At the Y

Far-Out Findings

BYU and NASA are reaching deep into space with dust analyzers, rotorcrafts, and computer simulations.

Light shines on a vintage map of the solar system showing the sun, Venus, Earth, and Mars.
Photo by Bradley Slade

BYU and NASA are reaching deep into space with dust analyzers, rotorcrafts, and computer simulations.

Dust Busters: To prepare for future missions to Mars, BYU engineering and chemistry professors and their students are developing a device that will analyze the dust blowing about the Red Planet’s surface. Fine dust particles could pose a threat to astronauts’ lungs, spacecraft, and other technology.

BYU’s device, a mass spectrometer, has circuit boards built to determine the charge (and, therefore, the stickiness) and mass of the dust. Since Mars dust is so tiny, the team developed a charge detector with unprecedented sensitivity, thanks in part to a component—the feedback capacitor—that is 1,000 times smaller than off-the-shelf solutions. They even made Mars-like dust grains to test the device.

“We’re trying to anticipate problems before they come up,” says chemistry professor and project director Daniel E. Austin (BS ’98). “If you’re going to send people to Mars, it had better be a successful mission.”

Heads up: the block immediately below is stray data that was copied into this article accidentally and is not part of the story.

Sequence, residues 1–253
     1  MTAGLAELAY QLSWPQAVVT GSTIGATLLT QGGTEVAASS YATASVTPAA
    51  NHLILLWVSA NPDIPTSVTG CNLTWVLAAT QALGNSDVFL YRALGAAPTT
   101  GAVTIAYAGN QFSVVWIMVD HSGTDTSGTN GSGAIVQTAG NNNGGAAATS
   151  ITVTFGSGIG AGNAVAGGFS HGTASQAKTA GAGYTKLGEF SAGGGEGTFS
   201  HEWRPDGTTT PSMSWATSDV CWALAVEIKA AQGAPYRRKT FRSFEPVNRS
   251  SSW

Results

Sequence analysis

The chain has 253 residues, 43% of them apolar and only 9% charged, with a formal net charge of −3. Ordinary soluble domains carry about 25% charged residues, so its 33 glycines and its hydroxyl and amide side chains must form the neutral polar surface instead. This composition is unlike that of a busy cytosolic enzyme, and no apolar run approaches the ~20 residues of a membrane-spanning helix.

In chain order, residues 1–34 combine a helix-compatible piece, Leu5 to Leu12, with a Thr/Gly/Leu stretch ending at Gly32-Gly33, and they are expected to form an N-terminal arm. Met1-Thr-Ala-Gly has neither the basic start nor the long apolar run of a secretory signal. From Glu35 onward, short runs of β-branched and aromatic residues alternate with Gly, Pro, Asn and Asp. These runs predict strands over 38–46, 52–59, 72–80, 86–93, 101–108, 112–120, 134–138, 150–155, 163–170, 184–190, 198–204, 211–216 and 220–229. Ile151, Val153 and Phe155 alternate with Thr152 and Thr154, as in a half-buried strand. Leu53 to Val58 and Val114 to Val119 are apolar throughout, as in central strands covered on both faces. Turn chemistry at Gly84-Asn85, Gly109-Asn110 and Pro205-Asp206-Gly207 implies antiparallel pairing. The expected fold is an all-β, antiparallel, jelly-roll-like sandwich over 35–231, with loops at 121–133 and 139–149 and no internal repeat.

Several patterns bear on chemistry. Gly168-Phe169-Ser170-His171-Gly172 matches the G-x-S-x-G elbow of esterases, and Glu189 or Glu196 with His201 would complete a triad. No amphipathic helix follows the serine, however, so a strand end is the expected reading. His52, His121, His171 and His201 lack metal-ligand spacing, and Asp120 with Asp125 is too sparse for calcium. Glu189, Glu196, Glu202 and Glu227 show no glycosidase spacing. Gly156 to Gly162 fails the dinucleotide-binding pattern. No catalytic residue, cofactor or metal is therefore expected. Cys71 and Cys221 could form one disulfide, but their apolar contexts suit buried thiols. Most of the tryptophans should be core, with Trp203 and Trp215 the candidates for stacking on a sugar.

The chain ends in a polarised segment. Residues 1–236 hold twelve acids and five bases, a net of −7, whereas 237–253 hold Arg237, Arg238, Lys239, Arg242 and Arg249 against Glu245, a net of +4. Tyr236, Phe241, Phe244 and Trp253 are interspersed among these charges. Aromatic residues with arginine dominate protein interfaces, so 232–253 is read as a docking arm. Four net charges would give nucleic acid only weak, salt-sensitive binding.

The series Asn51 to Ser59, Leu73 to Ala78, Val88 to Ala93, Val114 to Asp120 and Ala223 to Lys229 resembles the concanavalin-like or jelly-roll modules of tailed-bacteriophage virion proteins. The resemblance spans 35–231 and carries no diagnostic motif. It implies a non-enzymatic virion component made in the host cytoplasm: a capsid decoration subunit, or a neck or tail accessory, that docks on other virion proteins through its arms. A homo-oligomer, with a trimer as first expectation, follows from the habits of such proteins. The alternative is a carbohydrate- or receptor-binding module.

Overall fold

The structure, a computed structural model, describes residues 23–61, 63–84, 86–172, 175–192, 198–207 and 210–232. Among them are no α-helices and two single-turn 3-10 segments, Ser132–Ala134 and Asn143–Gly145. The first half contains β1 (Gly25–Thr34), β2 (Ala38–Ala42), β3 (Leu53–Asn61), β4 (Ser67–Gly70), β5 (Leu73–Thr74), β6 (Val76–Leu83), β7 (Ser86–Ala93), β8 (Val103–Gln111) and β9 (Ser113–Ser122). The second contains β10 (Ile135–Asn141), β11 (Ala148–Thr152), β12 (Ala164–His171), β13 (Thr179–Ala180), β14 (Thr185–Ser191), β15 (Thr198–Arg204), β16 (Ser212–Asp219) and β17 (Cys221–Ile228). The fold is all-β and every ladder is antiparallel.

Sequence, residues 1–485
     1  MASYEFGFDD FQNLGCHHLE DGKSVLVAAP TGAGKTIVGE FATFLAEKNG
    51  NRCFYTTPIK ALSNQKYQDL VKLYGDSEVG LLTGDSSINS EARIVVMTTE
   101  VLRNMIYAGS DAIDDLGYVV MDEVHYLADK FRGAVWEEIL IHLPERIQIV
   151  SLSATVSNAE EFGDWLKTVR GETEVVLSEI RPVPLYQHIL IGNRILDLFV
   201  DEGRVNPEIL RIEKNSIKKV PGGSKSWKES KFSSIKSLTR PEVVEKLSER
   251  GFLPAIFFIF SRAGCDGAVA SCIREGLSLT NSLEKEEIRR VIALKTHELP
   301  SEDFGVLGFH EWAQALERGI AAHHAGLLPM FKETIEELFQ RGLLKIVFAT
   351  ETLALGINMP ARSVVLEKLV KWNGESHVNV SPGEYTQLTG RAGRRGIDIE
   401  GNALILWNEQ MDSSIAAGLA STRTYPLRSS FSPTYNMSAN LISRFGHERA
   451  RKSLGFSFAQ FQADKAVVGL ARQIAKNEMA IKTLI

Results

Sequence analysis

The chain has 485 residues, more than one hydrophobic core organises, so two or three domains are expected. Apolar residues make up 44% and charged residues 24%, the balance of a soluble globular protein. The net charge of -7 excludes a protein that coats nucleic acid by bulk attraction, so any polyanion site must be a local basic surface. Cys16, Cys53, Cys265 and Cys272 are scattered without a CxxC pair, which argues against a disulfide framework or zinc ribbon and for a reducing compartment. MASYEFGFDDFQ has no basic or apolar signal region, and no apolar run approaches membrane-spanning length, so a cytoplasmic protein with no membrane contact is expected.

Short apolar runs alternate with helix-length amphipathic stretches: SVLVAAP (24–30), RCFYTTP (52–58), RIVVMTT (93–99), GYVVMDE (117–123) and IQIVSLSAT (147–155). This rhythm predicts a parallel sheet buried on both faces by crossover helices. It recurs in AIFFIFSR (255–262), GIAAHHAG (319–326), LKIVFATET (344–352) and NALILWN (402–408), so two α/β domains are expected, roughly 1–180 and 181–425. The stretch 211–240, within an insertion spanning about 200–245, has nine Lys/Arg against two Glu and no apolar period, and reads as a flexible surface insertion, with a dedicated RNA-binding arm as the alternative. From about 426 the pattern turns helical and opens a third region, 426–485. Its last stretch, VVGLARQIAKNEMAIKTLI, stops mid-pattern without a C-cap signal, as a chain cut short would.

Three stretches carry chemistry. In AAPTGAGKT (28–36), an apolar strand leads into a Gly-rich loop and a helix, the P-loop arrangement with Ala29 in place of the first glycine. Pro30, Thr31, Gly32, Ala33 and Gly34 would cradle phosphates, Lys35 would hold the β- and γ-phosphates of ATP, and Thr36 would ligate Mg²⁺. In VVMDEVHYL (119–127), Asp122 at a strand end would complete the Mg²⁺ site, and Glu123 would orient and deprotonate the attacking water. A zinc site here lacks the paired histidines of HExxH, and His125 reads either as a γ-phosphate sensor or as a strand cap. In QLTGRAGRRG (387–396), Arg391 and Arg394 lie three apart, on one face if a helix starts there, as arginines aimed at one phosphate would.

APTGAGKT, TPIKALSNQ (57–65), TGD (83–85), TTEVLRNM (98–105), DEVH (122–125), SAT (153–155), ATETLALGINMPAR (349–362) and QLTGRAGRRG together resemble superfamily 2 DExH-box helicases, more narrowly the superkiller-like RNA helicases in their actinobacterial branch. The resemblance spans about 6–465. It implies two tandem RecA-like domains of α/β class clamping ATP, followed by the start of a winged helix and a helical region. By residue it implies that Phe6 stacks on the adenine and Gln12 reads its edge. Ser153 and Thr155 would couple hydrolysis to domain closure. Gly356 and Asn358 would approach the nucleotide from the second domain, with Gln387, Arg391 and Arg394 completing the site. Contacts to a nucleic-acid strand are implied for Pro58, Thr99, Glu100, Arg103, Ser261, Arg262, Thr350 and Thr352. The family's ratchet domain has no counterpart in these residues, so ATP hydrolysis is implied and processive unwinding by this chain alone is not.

Exploring Titan: NASA is sending a rotorcraft named Dragonfly to Saturn’s moon Titan to study its compounds, which are comparable to those found on Earth. The mission leaders enlisted BYU geology professor Jani Radebaugh (BS ’93, MS ’99) to help. Radebaugh, a planetary scientist, has studied the surface processes that create mountains and lakes on Titan, active volcanoes on Jupiter’s moon Io, and dunes on Pluto.

The mission is set to launch in 2026 and land on Titan in 2034. Flying like a drone, Dragonfly will investigate and explore the atmosphere and surface for signs of life, past or present, and evaluate the chemistry and landforms.

We Are Not Alone: Ever wondered how many Earth-like planets are out there? BYU astronomy professor Darin A. Ragozzine has, and he worked recently with Penn State researchers to determine a more accurate estimate.

NASA’s Kepler space telescope has discovered thousands of larger planets, but smaller planets are harder to see. So Ragozzine and his colleagues designed a new computer model that simulates “galaxies” containing stars and planets and, using Kepler data, determined how many planets the space telescope could have discovered.

“We found that around 10 percent of stars have a planet that is about the same size as Earth and gets about the same amount of sunlight as Earth,” Ragozzine says. “Planets similar to Earth, that get about the same light from their star, are very common.”

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